02:11pm Thursday 04 June 2020

College says Tobacco Plan a step in the right direction

  • strong ambitions to continue to reduce smoking prevalence
  • strengthening the control of tobacco advertising and promotion by putting tobacco out of sight in shops and requiring plain packaging of tobacco products
  • mass media and communications work to motivate smokers to quit and signpost sources of help
  • continued funding for services to help smokers quit
  • further reductions in affordability of tobacco by increasing tax above inflation and continuing to reduce illegal sales.

We are pleased to see that the Plan includes these evidence-based measures for driving down smoking prevalence including a commitment to consult on plain packaging. However, if the Plan is to be successful in driving down smoking prevalence then national level ambitions will have to be followed through by implementation at local level. This Plan is a strong signal to Council Health and Wellbeing Boards that tackling smoking needs to be top of their agenda.

Smoking requires strong intervention by government. It is an addiction of childhood and adolescence with the majority of smokers taking up the habit while still under 18. It is a highly addictive habit which many smokers find very difficult to quit. Half of all long-term smokers die early, half of these in middle age, with many more suffering years of disability as a result of their habit. Smoking kills more than 80,000 people each year in England, which is more than alcohol, obesity, road accidents and illegal drugs put together.

While the Government has not committed to implementing plain packaging, it has confirmed that it will launch a consultation on this measure, which we welcome. We are, however, disappointed to see that the government is putting back implementation of the legislation to prohibit display of tobacco in large shops by April 2012 and small shops by April 2015.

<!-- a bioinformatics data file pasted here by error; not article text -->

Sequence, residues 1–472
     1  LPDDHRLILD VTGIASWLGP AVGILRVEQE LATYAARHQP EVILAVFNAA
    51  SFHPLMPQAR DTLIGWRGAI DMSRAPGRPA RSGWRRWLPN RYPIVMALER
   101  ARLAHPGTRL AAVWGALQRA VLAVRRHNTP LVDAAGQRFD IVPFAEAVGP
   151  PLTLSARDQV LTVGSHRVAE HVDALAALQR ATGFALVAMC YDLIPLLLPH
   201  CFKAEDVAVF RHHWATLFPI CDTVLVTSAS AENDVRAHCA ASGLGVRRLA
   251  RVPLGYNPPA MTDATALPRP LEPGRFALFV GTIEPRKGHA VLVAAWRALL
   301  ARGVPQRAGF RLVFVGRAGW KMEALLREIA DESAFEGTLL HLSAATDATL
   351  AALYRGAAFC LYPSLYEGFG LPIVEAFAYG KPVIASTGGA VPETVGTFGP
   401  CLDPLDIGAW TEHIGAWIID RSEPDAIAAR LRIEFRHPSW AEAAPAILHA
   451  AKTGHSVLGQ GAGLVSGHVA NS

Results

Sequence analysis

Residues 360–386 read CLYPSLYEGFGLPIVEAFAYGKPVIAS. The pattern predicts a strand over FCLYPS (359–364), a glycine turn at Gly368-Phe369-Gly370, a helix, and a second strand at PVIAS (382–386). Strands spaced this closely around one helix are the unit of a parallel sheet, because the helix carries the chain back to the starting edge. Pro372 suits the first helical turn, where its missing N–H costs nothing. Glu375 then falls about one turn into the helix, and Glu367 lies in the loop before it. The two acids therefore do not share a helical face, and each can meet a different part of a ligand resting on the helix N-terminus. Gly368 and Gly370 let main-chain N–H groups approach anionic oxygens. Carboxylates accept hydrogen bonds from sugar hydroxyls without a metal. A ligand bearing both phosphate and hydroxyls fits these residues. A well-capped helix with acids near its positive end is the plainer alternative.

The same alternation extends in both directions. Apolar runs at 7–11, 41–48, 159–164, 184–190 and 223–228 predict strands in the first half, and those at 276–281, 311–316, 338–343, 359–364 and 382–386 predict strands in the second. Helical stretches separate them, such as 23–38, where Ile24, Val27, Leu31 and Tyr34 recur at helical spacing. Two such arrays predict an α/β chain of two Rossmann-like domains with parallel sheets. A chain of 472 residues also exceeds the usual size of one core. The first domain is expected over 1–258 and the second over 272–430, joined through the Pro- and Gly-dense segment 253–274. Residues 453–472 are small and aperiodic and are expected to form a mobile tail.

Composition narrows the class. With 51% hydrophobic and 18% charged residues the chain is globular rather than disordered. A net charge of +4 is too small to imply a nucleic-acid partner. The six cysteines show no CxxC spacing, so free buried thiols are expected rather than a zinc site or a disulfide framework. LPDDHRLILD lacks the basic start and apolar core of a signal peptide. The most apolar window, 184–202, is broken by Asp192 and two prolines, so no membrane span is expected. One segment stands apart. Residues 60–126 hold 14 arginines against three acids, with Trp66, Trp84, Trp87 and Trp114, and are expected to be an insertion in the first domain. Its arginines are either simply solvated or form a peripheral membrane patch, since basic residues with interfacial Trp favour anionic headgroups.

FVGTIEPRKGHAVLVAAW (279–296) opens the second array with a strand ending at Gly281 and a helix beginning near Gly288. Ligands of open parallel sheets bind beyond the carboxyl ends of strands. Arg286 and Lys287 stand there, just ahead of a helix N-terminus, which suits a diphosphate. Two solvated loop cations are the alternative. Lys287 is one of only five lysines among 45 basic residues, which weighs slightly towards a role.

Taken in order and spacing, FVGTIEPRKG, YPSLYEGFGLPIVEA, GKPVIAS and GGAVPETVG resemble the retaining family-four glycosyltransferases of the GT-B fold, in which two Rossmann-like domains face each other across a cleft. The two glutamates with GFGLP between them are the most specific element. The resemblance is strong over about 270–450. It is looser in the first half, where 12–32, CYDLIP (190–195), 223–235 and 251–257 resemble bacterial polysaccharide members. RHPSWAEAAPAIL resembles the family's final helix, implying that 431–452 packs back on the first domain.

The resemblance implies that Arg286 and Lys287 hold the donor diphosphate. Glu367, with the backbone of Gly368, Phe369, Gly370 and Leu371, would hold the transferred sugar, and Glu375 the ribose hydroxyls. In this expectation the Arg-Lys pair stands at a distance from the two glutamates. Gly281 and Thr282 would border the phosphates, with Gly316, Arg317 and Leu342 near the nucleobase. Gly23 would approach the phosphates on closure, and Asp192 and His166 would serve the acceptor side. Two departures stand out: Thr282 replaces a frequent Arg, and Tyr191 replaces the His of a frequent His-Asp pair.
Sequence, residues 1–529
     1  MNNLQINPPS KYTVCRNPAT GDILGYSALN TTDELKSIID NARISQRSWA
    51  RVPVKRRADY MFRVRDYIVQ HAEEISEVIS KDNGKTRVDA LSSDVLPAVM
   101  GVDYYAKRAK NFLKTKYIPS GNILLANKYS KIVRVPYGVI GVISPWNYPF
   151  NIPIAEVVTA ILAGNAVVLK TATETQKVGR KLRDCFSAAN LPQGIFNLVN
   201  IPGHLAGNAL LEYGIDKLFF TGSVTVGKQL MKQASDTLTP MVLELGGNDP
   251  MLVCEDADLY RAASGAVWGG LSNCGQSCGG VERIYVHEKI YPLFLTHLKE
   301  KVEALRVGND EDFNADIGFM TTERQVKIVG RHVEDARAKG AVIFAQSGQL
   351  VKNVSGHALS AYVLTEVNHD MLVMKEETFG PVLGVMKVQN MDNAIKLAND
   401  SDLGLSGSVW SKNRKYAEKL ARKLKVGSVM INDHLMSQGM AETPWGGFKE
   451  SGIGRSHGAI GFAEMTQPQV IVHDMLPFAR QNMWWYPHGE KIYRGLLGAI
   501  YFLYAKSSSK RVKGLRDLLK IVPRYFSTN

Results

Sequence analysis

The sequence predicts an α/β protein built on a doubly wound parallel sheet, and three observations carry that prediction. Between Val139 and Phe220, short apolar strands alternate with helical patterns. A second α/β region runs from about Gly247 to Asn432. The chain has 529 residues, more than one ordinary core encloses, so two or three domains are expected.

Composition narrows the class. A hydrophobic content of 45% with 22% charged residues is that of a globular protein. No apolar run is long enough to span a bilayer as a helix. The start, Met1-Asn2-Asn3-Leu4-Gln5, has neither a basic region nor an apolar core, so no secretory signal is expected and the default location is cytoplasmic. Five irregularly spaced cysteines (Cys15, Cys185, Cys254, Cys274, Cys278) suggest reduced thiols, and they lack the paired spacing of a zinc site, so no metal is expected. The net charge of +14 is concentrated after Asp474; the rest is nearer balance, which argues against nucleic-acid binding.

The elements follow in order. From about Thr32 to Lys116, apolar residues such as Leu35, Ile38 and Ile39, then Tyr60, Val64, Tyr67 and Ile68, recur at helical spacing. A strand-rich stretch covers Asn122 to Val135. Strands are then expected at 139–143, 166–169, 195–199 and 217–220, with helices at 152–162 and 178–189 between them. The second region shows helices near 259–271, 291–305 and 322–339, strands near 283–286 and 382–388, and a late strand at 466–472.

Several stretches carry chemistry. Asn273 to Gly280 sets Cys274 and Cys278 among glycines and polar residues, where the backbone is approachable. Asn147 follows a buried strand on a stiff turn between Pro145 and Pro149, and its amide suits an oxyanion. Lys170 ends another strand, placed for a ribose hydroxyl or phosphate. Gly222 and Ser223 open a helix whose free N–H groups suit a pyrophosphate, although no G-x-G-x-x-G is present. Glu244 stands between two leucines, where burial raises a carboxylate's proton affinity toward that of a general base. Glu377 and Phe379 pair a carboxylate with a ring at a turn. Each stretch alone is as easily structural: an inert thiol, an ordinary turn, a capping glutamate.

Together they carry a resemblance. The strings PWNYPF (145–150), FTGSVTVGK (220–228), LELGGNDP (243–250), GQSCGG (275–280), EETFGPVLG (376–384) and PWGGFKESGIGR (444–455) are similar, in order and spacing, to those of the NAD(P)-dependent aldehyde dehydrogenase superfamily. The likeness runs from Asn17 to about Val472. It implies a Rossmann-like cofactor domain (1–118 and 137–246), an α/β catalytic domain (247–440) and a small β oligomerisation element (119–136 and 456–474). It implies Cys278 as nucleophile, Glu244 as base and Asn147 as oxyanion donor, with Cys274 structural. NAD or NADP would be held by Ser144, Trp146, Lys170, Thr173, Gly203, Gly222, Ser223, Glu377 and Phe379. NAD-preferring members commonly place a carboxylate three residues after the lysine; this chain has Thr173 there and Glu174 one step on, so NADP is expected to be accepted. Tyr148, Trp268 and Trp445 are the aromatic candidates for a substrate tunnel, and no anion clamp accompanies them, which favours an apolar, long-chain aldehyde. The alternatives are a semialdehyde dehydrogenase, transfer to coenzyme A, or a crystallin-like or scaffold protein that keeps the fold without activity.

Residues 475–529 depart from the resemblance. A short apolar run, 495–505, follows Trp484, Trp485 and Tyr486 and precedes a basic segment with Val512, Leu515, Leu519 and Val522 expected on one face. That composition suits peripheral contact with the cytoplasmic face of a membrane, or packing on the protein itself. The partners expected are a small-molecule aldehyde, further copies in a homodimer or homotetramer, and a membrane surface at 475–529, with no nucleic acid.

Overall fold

We urge the government to reconsider this decision in the light of recent allegations that campaigning against the legislation by retailer groups is funded by the tobacco industry. There is good evidence to show that tobacco displays encourage young people to take up smoking. Removing displays and putting tobacco in plain packs are both essential if we are to protect children from these significant remaining channels of tobacco advertising.

For further information, please contact Liz Fox or Deborah Hart in the Communications Department.
Telephone: 020 7235 2351 Extensions. 6298 or 6127



The Royal College of Psychiatrists is a member of the Smoke Free Action Coalition – a group of 170 organisations committed to promoting public health. The organisations came together initially to lobby for smokefree workplaces and are now committed to reducing the harm caused by tobacco more generally. For more information see: http://www.smokefreeaction.org.uk The RCPsych is also one of the organisations to have signed a letter to MPs urging them to support the tobacco point of sale legislation.


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